Baldwin Victory Highlights Broader Challenge in D.C.

Published Nov 7, 2012.


Tammy Baldwin ran a great race - a "flawless race," in the opinion of her fellow Democrat, Milwaukee Mayor Tom Barrett. We agree. Her race was brilliant strategically, and she came off as smart and likable and as someone who seems to care deeply about the people she represents. As a member of Congress, Baldwin has had a well-deserved reputation for constituent service - one of the underappreciated jobs of senators.

Now, she turns to the matter of representing Wisconsin in the U.S. Senate - all of Wisconsin. Her voting record puts her among the most liberal members of Congress, something that played well with her Madison constituency. But this highly partisan record makes us wonder whether she can as easily represent the interests of citizens in places such as Waukesha County, the Fox Valley or the North Woods.

Baldwin should not shape-shift - she should not take the Romney cure. She should stand by her principles. But she also should show that she can work with conservatives, who still make up a sizable minority in the Senate and still make up a sizable chunk of the Wisconsin electorate (35%, according to exit polls). On statewide issues, federal judgeships being one of them, she has to show that she can work with the now senior senator from Wisconsin - the tea party Republican Ron Johnson of Oshkosh.

Republicans, of course, need to do the same.

But her election coming hard on the heels of Johnson's ascension highlights a larger national concern.

Johnson, a dyed-in-the-wool conservative, wants to downsize government and cut taxes. Baldwin once favored a single-payer health care model, and her record suggests she might be predisposed to more spending. Their "debate" is a microcosm of the much larger national debate that is about to be joined over the fiscal cliff coming at the end of this year when the Bush tax cuts expire and automatic spending cuts take effect - and the fiscal problems that will likely remain even if Congress avoids the precipice.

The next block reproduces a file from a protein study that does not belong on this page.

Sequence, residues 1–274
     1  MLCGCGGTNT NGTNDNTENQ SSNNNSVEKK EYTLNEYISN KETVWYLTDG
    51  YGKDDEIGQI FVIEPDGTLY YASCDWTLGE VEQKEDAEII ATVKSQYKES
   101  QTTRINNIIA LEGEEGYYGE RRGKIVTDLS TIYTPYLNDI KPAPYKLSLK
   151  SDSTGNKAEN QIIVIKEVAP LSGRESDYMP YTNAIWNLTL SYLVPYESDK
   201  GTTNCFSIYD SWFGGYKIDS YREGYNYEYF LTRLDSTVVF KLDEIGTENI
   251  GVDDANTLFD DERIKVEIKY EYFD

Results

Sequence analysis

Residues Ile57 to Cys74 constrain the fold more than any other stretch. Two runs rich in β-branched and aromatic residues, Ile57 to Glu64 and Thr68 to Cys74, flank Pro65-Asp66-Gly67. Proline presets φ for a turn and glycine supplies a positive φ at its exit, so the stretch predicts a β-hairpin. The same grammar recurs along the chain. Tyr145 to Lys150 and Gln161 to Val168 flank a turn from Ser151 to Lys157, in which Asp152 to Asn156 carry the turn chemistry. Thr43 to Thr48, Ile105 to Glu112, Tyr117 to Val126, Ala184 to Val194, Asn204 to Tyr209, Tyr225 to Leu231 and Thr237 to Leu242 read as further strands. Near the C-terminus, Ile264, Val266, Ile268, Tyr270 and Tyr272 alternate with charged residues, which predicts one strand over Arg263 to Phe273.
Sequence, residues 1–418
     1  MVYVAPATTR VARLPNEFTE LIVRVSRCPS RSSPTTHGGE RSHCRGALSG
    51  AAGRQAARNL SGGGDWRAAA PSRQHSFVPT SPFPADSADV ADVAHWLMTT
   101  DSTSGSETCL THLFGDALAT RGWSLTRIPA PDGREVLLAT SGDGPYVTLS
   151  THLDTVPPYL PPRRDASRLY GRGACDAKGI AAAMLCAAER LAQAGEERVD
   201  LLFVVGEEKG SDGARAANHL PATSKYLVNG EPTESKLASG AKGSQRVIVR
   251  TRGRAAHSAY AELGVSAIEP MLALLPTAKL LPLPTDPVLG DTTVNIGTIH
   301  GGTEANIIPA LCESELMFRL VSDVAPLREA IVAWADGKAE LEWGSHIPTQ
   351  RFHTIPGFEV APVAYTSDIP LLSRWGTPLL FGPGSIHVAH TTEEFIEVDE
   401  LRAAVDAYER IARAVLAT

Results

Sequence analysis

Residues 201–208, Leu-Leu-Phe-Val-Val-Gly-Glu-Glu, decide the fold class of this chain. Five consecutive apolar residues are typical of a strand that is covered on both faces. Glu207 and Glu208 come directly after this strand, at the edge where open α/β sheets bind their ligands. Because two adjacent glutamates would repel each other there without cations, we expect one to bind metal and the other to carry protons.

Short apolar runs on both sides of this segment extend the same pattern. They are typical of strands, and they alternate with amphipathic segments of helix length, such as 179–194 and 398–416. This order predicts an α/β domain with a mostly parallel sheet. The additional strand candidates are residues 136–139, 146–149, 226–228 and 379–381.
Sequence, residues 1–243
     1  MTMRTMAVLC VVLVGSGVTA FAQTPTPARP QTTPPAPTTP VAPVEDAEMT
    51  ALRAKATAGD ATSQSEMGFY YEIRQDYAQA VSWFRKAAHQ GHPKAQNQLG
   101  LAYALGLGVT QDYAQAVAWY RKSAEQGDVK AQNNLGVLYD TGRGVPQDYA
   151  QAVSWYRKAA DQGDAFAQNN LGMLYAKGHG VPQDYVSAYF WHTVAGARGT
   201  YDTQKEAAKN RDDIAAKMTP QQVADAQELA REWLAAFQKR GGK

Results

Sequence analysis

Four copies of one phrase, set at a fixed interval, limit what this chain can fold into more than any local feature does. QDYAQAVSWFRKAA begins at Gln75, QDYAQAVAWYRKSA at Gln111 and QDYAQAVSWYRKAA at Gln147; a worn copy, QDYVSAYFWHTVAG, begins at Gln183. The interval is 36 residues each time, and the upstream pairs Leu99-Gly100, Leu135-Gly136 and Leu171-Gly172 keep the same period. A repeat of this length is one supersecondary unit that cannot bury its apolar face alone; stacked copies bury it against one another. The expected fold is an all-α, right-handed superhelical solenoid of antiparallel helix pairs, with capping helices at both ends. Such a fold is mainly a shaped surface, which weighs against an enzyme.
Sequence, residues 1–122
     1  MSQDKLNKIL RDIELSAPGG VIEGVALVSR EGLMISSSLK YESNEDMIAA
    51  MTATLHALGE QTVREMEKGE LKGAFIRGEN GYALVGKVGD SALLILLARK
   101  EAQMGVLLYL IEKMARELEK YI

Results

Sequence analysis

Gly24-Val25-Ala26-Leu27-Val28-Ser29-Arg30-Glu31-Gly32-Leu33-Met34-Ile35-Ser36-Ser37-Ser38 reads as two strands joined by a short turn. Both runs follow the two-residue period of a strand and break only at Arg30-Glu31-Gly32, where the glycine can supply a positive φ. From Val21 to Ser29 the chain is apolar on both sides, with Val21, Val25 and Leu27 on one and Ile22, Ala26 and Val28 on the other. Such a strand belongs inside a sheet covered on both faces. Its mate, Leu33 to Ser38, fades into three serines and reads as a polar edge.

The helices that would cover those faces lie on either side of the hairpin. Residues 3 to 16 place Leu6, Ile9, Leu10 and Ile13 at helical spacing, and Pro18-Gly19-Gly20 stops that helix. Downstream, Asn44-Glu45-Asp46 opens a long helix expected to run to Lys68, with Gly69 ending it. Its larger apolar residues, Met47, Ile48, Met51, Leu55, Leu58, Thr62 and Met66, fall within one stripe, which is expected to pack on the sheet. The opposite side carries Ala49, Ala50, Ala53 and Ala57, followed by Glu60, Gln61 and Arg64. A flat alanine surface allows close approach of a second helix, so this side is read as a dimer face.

"If the country is on an unsustainable fiscal path, which it is, and if continued partisan bickering will not solve this problem, which it won't, and if divided government has been re-elected, which it has, then the only choices are calamity or compromise," Robert L. Bixby, executive director of the Concord Coalition, a nonpartisan group in Washington, D.C., wrote in a blog post Wednesday.

"Solutions will be impossible if both parties retreat to their partisan corners and stubbornly insist that compromise is only something for the other side to do and that any calamity is only the other side's fault. It's long past time to stop such unrealistic nonsense."

We agree, which is why we were glad to see Wednesday that House Speaker John Boehner (R-Ohio) said Republicans are "willing to accept new revenue" as part of a package of solutions to deal with soaring deficits. While it's unclear whether he means higher taxes or simply more revenue generated by economic growth, this might be a start.

At a victory rally Tuesday night, Baldwin said, "I know many people listening tonight didn't vote for me, but I will fight for you and move our state forward."

Those are great sentiments. To make it real, Baldwin will have to show she can stand up for what she believes - and still represent all of Wisconsin while also doing the important work of the country.

We wish her well.